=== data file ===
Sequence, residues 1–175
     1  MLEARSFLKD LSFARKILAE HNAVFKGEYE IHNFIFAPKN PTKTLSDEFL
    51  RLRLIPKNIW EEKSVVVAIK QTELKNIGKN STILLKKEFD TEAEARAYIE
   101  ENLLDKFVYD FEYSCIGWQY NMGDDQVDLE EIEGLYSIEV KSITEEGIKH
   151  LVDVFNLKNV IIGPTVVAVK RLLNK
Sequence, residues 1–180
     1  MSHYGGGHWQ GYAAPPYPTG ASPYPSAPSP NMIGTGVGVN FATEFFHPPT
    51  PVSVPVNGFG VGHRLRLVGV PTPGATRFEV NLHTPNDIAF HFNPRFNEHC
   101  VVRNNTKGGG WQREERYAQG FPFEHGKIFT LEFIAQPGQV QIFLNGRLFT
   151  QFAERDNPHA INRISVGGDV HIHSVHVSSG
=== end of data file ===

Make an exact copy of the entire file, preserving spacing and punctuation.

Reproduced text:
Sequence, residues 1–175
     1  MLEARSFLKD LSFARKILAE HNAVFKGEYE IHNFIFAPKN PTKTLSDEFL
    51  RLRLIPKNIW EEKSVVVAIK QTELKNIGKN STILLKKEFD TEAEARAYIE
   101  ENLLDKFVYD FEYSCIGWQY NMGDDQVDLE EIEGLYSIEV KSITEEGIKH
   151  LVDVFNLKNV IIGPTVVAVK RLLNK
Sequence, residues 1–180
     1  MSHYGGGHWQ GYAAPPYPTG ASPYPSAPSP NMIGTGVGVN FATEFFHPPT
    51  PVSVPVNGFG VGHRLRLVGV PTPGATRFEV NLHTPNDIAF HFNPRFNEHC
   101  VVRNNTKGGG WQREERYAQG FPFEHGKIFT LEFIAQPGQV QIFLNGRLFT
   151  QFAERDNPHA INRISVGGDV HIHSVHVSSG